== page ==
While the 777-8X is still in development and yet to reach firm configuration, the Boeing website lists the aircraft as having a range of 8,700nm and a passenger capacity of 350-375 passengers. The aircraft is expected to enter service in 2022.

However, the final specifications will only be known after further development of the aircraft design and an analysis of its engine performance. The GE9X engine began flight testing on General Electric’s flying testbed in late 2017.


VIDEO: A look at the GE Aviation GE9X engines from GE Aviation’s YouTube channel.

PROMOTED CONTENT

The first wing structures for the 777-9X were completed in May and would be used in static testing.

Further, the US Federal Aviation Administration (FAA) said it had certified the folding wingtips that will be featured on the 777-X program. Wing construction has begun.

Boeing Commercial Airplanes senior managing director for marketing analysis and sales support Darren Hulst said the program was “very close” to finalising the design specifications for the 777-8X.

“I mean, we are kind of finalising the design weights and those things but it is pretty close to being firm,” Hulst told reporters on the sidelines of the International Air Transport Association (IATA) annual general meeting in Sydney on Sunday.

“We are really happy and encouraged by the pace of development to this point in terms of the schedule, in terms of the technology, in terms of the progress.”

While there was much interest in the Boeing 777-8X for Qantas’s Project Sunrise challenge, as well as Air New Zealand’s interest for Auckland-New York nonstop service, in this part of the world, Hulst was keen to point out the 777-8X also had to have the flexibility to fulfil a range of missions required from other airline customers.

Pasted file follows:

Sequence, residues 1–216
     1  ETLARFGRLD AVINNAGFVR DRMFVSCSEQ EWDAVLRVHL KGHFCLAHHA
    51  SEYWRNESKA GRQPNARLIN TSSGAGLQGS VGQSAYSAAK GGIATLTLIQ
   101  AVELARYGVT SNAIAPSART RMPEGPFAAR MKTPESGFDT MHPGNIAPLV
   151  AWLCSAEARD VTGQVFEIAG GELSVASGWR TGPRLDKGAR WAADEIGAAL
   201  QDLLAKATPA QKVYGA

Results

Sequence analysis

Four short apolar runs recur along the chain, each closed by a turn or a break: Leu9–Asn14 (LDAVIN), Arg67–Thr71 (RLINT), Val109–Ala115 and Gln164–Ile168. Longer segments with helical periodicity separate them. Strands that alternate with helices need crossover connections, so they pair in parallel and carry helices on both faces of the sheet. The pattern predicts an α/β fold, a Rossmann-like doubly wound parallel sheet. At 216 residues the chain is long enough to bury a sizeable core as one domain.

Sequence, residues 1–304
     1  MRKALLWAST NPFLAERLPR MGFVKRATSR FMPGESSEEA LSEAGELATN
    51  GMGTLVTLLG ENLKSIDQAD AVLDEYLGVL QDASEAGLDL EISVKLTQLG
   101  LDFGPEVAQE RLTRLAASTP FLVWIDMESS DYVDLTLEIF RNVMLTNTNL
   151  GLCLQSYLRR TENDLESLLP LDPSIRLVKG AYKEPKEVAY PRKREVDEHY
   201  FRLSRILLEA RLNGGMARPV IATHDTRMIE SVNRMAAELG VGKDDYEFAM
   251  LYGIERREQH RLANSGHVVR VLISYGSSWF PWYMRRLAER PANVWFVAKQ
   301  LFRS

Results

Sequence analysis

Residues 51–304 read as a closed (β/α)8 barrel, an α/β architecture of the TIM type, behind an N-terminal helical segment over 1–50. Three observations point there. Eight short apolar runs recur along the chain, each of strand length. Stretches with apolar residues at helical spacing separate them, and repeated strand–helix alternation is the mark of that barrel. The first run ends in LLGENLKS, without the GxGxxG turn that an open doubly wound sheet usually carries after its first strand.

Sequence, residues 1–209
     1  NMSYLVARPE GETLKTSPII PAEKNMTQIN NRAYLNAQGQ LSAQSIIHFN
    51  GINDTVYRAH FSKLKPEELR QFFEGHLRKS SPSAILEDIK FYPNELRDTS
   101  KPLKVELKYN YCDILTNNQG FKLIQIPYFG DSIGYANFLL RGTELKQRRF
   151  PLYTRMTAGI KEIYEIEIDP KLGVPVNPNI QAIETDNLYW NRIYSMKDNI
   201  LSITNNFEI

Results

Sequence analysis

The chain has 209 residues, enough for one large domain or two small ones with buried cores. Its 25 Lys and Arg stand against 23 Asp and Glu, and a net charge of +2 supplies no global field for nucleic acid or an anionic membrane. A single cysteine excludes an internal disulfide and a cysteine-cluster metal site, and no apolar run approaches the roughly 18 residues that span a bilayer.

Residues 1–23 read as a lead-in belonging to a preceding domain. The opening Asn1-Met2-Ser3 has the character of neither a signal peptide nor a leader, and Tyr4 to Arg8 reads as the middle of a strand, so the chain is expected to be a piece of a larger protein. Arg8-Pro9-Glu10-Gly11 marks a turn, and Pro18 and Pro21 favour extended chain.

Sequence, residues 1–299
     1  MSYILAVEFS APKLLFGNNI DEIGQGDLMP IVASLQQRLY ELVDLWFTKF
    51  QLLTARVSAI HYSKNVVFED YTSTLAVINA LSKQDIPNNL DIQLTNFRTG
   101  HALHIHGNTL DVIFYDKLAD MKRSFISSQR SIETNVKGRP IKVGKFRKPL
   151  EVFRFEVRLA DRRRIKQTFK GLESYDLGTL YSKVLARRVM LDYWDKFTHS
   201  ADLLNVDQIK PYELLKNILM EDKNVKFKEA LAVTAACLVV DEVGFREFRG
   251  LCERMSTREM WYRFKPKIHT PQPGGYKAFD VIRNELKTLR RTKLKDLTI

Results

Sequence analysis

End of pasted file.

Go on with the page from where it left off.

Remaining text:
“Airlines are very focused on an airplane that fits more than just a very small subset of markets, they want an airplane that has versatility and whether you’re Qantas or whether you’re an airline in the Middle East or anywhere else in the world,” Hulst said.

“You want an airplane that’s most efficient in its class and it’s the most flexible in terms of where it can be deployed in the network.”

“I would focus less on the ultimate range of the aircraft and focus more on the fact that this aircraft has the most range capability of any airplane, current or future, and it is also more efficient than other aircraft in its class,” he stressed.

“Airlines need the capability but they also need the versatility, you need to be able to deploy it on multiple routes or it won’t make sense, it won’t buy its way into a fleet.”

There have been 326 orders for the 777-X program, comprising 53 for the 777-8X and 273 for the 777-9X, according to the Boeing website.


VIDEO – Boeing says 777X development is on track. Here Boeing details the 777X’s flightdeck design and philosophy, as shown on the company’s YouTube channel.

Steer your own in-flight experience – available on print and digital Whether our classic glossy magazine in your letterbox, daily news updates in your inbox, peeling back a few layers in the podcast or our monthly current affair reports, you can count on us to keep you up to date. Sign up today for just $99.95 for more exclusive offers here. Subscribe now at australianaviation.com.au.

6 Comments

  • Stephen Boyce

    says:

    I am not going to guess which one qantas will order but i think they will order the boeing 777x but at the end of the day i do not know

  • Craigy

    says:

    This project is getting more interesting as the airline works through defining the specifications of the aircraft they need. In an article on Flightglobal, Airbus have stated that Qantas are still in the definition phase. The surprise comment from the article is that Airbus are also looking at the A350-1000 and what it can do in the ULH market.

  • Chris

    says:

    It sounded like Hulst from Boeing was conceding defeat in his remarks about the role an aircraft must play and that it has to be able to be operated on various routes.
    I’ve always thought that the A350ULR(ER) will be the preferred option for ‘Project Sunrise’.
    Based on Boeing’s watering down of the Qantas requirements, I think I may be right.

  • John Hogan

    says: